• California congressional delegation: 42 Democrats, 11 Republicans (R+4 from 2018 -- CA21, CA25CA39, and CA48, while retaining the CA50 vacancy).
  • The State Senate: 31 Democrats, 9 Republicans (D+2 -- SD29, SD37).
  • The State Assembly: 60 Democrats, 19 Republicans (R+1 -- AD38), and one NPP (AD42)

Here are the current ballot measure results, which will likely reflect the final results. All ballot measures have been called by the Associated Press.

Proposition 14 (stem cell bond) 51.0%
Proposition 15 (split roll property tax) 48.0%
Proposition 16 (affirmative action ban repeal) 42.9%
Proposition 17 (voting: parole) 58.6%
Proposition 18 (voting: primary for 17yos) 44.0%
Proposition 19 (property tax base transfer) 51.1%
Proposition 20 (criminal justice) 38.2%
Proposition 21 (rent control) 40.2%
Proposition 22 (transportation network AB 5 exemption) 58.6%
Proposition 23 (dialysis) 36.4%
Proposition 24 (consumer privacy) 56.1%
Proposition 25 (bail referendum - yes upholds SB 10) 43.7%

-Sandy Eggo: In the SDUT, Charles T. Clark looks at the gains made by Republicans in California in the November 3 election and why the local GOP didn't fare so well.

While not quite the resurgence they may have hoped for, California Republicans made significant gains around the state in this election and are on pace to pick up three of the state’s 53 congressional seats, putting them at 11.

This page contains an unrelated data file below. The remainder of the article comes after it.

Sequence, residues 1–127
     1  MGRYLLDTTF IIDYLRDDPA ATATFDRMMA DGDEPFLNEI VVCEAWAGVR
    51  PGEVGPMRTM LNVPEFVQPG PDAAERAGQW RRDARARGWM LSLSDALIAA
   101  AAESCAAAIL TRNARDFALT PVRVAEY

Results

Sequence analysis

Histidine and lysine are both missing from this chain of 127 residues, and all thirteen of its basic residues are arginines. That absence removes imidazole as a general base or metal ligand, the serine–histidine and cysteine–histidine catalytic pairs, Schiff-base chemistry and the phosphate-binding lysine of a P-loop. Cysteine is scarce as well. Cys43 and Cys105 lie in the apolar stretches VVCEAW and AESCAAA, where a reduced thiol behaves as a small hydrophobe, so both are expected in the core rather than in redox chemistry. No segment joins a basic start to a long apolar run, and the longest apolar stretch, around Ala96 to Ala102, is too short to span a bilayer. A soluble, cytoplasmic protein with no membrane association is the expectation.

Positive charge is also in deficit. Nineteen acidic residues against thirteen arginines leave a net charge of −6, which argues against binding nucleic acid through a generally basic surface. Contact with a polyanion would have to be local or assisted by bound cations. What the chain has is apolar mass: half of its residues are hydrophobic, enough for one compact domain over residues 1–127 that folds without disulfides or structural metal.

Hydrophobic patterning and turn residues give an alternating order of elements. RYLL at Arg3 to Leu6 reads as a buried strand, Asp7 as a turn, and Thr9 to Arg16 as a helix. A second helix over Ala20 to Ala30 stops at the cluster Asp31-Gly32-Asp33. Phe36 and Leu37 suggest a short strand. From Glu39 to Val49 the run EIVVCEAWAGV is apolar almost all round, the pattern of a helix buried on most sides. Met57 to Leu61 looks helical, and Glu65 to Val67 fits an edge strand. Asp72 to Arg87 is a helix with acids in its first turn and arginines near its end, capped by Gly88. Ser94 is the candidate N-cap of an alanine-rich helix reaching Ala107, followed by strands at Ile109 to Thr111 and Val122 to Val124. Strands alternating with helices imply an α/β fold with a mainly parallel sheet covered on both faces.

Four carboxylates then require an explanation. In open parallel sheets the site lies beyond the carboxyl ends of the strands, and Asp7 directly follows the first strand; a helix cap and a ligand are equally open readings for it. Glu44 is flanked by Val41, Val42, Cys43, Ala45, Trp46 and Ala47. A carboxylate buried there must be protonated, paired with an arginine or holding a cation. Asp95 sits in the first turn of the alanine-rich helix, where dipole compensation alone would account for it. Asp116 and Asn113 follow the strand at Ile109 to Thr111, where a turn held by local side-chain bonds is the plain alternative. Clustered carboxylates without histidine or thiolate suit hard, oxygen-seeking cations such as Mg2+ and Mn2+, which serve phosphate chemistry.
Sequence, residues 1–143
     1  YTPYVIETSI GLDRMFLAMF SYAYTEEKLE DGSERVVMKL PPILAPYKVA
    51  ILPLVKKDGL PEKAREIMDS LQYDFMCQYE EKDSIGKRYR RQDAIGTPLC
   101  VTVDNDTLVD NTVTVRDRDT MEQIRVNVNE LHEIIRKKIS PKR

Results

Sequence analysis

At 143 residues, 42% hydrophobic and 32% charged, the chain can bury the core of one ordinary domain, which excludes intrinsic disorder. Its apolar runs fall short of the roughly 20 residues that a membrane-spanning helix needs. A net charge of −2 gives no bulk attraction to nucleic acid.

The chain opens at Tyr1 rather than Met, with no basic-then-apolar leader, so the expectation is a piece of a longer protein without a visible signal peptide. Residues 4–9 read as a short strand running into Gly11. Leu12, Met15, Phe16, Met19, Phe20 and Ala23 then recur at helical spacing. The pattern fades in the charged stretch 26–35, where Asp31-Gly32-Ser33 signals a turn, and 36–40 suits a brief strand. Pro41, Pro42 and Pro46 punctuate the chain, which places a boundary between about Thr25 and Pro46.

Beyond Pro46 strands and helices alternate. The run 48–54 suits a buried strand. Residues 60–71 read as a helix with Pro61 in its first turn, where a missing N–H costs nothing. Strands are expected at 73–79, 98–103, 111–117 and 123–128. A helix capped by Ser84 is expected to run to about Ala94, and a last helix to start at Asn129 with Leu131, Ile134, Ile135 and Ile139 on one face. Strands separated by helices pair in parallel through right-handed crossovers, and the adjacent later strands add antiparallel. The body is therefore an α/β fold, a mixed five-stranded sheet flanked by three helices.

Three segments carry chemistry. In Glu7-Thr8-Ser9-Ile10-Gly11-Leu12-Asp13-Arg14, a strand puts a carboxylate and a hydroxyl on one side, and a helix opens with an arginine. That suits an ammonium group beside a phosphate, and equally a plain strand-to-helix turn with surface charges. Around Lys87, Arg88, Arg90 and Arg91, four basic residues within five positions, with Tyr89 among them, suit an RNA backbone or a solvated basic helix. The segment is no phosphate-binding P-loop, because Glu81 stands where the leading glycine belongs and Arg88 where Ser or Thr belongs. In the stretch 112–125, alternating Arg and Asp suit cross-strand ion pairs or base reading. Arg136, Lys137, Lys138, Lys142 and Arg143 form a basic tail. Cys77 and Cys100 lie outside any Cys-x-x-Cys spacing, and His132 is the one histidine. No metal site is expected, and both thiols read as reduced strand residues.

Unfortunately for local Republicans, San Diego County was not part of that trend.

Democrats flipped two San Diego City Council seats, comfortably staved off Republican challengers in two competitive assembly districts and a competitive congressional district, and claimed a majority on the San Diego County Board of Supervisors for possibly the first time ever.

In fact, the only real bright spots for local Republicans may be that they reclaimed a majority on the Escondido City Council and a Republican candidate held onto the 50th Congressional District seat — which was in play because its former occupant, Duncan D. Hunter, pled guilty to a felony related to misused campaign funds.

Several political scientists and some prominent local Republicans recently shared their perspective on how the party got to this point and what it can do to rebound.

COVID-19: Yesterday, 39 deaths were added in California for a total of 18,252 since the beginning of the pandemic and 7,996 cases were added for a total of 1,023,818. The usual weekend reporting caveat applies, with lower reported numbers that are pushed forward to the workweek.

Let's look at the trends.

COVID tests by day COVID positivity by day
COVID cases by day in Placer COVID hospitalizations by day
COVID ICU beds by day COVID deaths by day
Source: California Department of Public Health, COVID-19 State Dashboard